In its 2012 Living Planet Report, WWF has promoted its latest doomsday scenario by claiming that, if current trends are not reversed by 2030, we would need more than two Planet Earths to sustain human activity. In a manner that is reminiscent of the scandals raised by the IPCC’s 2007 assessment report on climate change shown to have been based on material put out by WWF rather than on hard evidence no facts are provided to substantiate these latest claims, which owe more to the science of headline-grabbing than the science of ecology. Released in the lead up to the Rio+20 conference on sustainable development, the Living Planet Report calls for the need to reduce consumption and reverse catastrophic trends before the Eearth gives out in according to its predictions 18 years time. This latest dose of anti-growth rhetoric comes at a time when the WWF is facing heavy scrutiny for projects in Tanzania which have led to the eviction of thousands of villagers who have been prohibited from practicing sustainable farming and fishing in areas deemed to be of high ecological value. More worryingly, these most recent alarmist claims come at a time of severe food shortages in many developing countries. The Food and Agriculture Organization estimates that 925 million people around the world still do not have enough to eat while David Cameron has planned to hold a ‘hunger summit’ during the Olympic Games. The response to such calamities should be more growth and development, not irrational alarmism used to raise funds for more environmental protectionism and the undermining of global prosperity.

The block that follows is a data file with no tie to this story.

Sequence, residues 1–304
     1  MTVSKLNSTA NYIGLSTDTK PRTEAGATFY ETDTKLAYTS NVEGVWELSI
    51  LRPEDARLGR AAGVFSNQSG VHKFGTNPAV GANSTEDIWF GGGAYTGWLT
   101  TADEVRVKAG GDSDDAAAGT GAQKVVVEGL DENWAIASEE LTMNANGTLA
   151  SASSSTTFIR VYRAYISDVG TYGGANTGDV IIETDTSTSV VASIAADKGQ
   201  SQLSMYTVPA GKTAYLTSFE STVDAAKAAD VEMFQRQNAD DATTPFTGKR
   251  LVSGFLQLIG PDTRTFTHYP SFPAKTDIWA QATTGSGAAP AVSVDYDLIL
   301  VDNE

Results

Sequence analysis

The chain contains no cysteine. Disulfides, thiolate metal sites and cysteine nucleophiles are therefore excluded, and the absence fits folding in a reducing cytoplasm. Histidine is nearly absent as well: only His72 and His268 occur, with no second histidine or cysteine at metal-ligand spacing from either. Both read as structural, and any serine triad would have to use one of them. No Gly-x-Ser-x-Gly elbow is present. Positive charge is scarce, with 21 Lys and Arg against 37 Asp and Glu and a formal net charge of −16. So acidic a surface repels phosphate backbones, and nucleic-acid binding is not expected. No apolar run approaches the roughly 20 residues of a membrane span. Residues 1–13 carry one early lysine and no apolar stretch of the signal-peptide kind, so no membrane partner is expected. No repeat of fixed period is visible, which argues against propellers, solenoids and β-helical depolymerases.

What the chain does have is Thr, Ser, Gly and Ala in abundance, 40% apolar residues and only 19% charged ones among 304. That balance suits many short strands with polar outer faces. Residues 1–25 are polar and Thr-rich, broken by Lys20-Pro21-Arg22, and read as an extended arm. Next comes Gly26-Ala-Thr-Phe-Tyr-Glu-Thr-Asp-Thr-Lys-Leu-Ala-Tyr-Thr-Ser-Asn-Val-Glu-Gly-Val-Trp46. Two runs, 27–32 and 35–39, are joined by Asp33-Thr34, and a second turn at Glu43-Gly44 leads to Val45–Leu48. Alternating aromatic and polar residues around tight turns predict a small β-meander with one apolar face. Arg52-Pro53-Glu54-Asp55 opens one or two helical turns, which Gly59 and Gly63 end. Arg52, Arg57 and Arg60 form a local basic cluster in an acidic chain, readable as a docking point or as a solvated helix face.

Ideological manipulations and "greenism" cause damage to the environment. In order to balance two fundamental goals, such as safeguarding the natural heritage of the planet and the spread of wealth among the human population, we need a pragmatic approach, which moves by some indisputable truths: wealthy countries are more committed to the protection of the environment than “starving” countries; scientific research and new technologies are not enemies of nature, but contribute to a lower consumption of resources; private management of environmental assets is often the best form of promotion and protection of this heritage.
Le strumentalizzazioni ideologiche e il “verdismo” fanno male all’ambiente. Per rendere compatibili due obiettivi fondamentali, come la salvaguardia del patrimonio naturale del pianeta e la diffusione del benessere tra le popolazioni umane, c’è bisogno di un approccio pragmatico, che muova da alcune incontestabili ovvietà: le società ricche hanno un’aspirazione alla tutela dell’ambiente superiore a quella che possono avere le società affamate; la ricerca scientifica e le nuove tecnologie non sono nemiche della natura, ma contribuiscono ad un minor consumo di risorse; la gestione privata dei beni ambientali è spesso la forma ottimale di valorizzazione e di tutela di questo patrimonio.